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While Protesters and Officials Talk, Hong Kong's Leader Believes the City Is Too Poor for Direct Elections

Students mounted a constitutional critique of the government's acceptance of a plan limiting democracy a day after the city's leader insisted poor voters would dominate free elections.
October 21, 2014, 10:14pm
Photo via AP/Kin Cheung

Hong Kong's student leaders came prepared for their televised face-off with top officials on Tuesday.

Five government officials excluding Chief Executive Leung Chun-ying met with representatives from the Hong Kong Federation of Students in a two-hour talk moderated by the president of Lingnan University and broadcast live to assemblies at protest sites across the city.

Chief Secretary Carrie Lam, the city's second-highest ranking official, reiterated that the decision made by the National People's Congress Standing Committee on August 31 requiring that a nominating committee approve candidates for chief executive cannot be revoked, but the limits Beijing imposed on the terms for universal suffrage in the next chief executive election in 2017 don't have to be permanent.

Under the new plan, three Beijing-vetted candidates would each need the support of half of the nomination committee's members to run, instead of the previous support threshold of one-eighth for eight candidates.

Wearing black T-shirts adorned with the slogan "Freedom Now," the university students debunked the government's usual insistence that introducing this limited form of universal suffrage to the territory is a major step forward.

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Yvonne Leung, president of the Hong Kong University students' union, questioned the constitutional basis of Beijing's August 31 decision. The student panel also found fault in the Hong Kong government's electoral reform report to Beijing in July, which purported to represent the "mainstream opinion" of the city's voters following a five-month public consultation.

Students are not the first to question the constitutionality of Beijing's decision. Back in July, the Hong Kong Bar Association warned that the Hong Kong government will "misuse and abuse the rule of law" if it rejected the protesters' demand to have free elections without exploring whether their rationale — which is to "ensure maximum [public] participation" in the nomination process — is incompatible with the Basic Law, Hong Kong's mini constitution.

Leung Chun-ying himself bluntly dismissed public participation on Monday evening when he remarked that a more direct election would skew government policies towards serving poorer residents and neglect other sectors and classes, including the corporate elite.

"If it's entirely a numbers game and numeric representation, then obviously you would be talking to half of the people in Hong Kong who earn less than $1,800 a month," he said, suggesting that full democracy would compel the candidates to cater to the poor masses.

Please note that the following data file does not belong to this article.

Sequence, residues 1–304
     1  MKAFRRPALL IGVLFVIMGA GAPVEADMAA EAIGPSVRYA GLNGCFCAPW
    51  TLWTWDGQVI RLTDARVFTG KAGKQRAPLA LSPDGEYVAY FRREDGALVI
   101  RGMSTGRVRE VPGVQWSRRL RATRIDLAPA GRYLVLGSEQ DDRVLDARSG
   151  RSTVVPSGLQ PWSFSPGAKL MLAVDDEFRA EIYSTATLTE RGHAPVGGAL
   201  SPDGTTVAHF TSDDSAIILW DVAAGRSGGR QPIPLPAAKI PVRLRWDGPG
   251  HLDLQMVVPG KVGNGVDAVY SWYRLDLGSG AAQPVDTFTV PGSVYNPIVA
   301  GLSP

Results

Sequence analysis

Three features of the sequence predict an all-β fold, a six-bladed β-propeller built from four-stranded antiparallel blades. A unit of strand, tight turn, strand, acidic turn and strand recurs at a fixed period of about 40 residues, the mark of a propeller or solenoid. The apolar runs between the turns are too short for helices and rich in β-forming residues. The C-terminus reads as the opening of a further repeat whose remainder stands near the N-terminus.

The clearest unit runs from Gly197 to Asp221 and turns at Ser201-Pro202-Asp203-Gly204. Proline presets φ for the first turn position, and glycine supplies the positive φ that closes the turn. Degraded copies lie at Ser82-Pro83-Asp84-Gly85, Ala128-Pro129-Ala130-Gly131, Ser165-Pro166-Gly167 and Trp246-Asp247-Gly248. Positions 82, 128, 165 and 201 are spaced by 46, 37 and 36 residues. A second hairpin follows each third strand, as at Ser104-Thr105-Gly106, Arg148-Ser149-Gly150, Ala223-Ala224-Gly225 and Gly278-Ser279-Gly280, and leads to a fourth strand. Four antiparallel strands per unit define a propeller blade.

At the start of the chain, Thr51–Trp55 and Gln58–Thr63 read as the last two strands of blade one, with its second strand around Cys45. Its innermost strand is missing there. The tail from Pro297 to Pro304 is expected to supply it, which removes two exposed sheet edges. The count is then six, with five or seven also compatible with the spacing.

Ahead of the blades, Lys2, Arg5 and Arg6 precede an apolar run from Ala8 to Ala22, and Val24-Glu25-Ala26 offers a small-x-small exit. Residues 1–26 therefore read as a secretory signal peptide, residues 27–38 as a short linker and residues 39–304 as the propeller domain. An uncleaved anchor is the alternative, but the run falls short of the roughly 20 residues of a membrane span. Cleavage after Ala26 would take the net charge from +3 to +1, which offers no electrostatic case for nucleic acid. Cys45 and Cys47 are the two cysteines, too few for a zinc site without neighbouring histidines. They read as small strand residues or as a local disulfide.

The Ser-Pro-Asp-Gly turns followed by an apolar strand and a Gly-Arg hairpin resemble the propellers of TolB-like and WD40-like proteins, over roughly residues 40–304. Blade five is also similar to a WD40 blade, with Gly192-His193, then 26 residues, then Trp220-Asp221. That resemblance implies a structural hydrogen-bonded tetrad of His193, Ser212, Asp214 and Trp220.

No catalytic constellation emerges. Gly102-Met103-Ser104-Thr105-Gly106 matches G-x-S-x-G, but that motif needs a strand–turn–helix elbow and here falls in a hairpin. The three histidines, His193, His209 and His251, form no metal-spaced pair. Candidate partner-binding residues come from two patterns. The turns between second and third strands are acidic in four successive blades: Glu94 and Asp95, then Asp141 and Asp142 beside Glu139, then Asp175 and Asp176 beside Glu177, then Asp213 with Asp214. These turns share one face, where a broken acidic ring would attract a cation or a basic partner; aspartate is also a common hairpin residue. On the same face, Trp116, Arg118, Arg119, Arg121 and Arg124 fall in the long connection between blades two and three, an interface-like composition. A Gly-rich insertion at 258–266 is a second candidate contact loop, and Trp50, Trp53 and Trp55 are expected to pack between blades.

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After the so-called "dialogue," student representatives told the cheering crowd in Admiralty that they had no idea what the government was saying. They plan on remaining in the streets, despite orders from the High Court to disperse protesters in Admiralty and Mong Kok.

The interim injunctions were granted to the associations of taxi drivers and minibus operators, and to the owner of a commercial building. Occupiers may be held in contempt for court if they failed to comply with the orders.

The court orders came before the scheduled talk and right after the police's clearance operation over the weekend in Mong Kok, where sporadic clashes took place between protesters and front-line officers and a number of people were injured. Chief superintendent Steve Hui of the police declared Mong Kok a high-risk area "on the verge of riot," noting that "radical troublemakers" who have upgraded to helmets from umbrellas and goggles have made attempts to charge police cordons.

Despite the definitive nature of Beijing's decision, Carrie Lam noted during the talk that the government is willing to present another report to Beijing about the protests and occupations that have dominated Hong Kong over the past three weeks and communicate the protesters' demands — as though three weeks of incessant demonstrations weren't enough communication. Lam also advised protesters to channel their energy from resistance to thinking up creative ways to make the system more democratic, transparent and competitive under Beijing's stringent limits.

The students, meanwhile, are ever more insistent that the Hong Kong government's deference to Beijing is irresponsible and stands in the way of progress.

Follow Elaine Yu on Twitter: @yuenok